Budapest in food

Both my parents and I really enjoy food and cooking, so our first stop on Saturday was the food market on Vaci utca.

In the market hall they had lots of meat (including chicken heads, pig’s trotters, pig’s ears, big blocks of lard etc.), seasonal vegetables, lots of Hungarian sausages (the biggest brand is called Pick) and of course paprika powder. I also found saffron really cheap!

Hungarian platter with interesting sausages, ham, cheese and pickled peppers with soft cheese

Smoked salmon baguette with cucumberdressing, and ham and egg baguette.

Lovely caramel sundae!

On the Saturday we made sure to eat our lunch outside and found a nice café on a square. There were mainly tourists eating  there, but despite that it was a nice place. Dad enjoyed an Hungarian platter, while mum and I had regular baguettes. Afterwards we treated ourselves to amazing caramel sundaes! 🙂

For dinner on Saturday we went to Central Kavehaz on Karolyi Mihaly utca, an old style café and restaurant. The interior was amazing in grand old style and a band were playing classical music throughout the evening. The menu was Hungarian with French influences, so to start dad chose the Goulasch soup, mother had smoked trout and I chose a platter with their own cured ham, bacon and paté. The ham was excellent but the paté was only liver and I like mine mixed with other flavours, this one was a bit too ‘livery’ for me, but otherwise good.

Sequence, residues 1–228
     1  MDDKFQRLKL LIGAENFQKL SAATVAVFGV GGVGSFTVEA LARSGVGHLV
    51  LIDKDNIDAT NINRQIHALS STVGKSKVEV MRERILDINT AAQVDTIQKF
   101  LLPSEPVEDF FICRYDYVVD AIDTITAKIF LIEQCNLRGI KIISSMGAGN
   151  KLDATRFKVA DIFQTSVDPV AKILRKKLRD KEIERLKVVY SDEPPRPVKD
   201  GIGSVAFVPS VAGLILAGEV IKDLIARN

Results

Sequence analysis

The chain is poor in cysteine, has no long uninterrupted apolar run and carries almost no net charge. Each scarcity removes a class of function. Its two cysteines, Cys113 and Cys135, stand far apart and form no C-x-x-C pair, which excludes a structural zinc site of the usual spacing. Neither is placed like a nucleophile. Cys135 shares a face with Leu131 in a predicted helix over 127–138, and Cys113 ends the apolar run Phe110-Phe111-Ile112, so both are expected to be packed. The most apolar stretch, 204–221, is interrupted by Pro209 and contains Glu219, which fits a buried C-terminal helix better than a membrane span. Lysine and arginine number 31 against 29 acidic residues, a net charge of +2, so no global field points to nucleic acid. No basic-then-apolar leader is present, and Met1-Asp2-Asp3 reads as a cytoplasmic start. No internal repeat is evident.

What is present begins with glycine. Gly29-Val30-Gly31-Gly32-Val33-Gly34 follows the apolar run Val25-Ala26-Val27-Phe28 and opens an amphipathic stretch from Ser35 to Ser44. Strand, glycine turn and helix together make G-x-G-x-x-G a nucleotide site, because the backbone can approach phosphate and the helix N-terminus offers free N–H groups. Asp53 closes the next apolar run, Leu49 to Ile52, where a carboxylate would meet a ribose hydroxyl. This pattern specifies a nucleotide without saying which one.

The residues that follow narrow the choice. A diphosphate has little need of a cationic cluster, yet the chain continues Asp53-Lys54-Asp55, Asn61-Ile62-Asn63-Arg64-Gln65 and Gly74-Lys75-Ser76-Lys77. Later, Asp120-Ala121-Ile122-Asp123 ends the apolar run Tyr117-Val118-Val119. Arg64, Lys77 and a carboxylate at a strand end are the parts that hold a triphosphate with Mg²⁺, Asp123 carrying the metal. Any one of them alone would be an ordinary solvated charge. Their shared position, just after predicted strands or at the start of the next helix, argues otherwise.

For main course we all had different things again. Dad had duck breast with red cabbage and potato dumplings and said the duck was cooked to perfection, pink inside and crispy on the outside. Mum chose pike-perch with mashed potatoes and interesting spinach crisps, that were really nice. I had forest mushroom ravioli with spinach and ricotta with an amazing velouté. One of the best pasta dishes I’ve ever had. The ravioli wasn’t the neatest ones I have ever seen, but the taste was amazing. The mushrooms really came through and was supplemented well by the spinach and ricotta, but the veluoté was what made it so classy. Subtle in sweet flavour, silky smooth and enhanced the other flavours.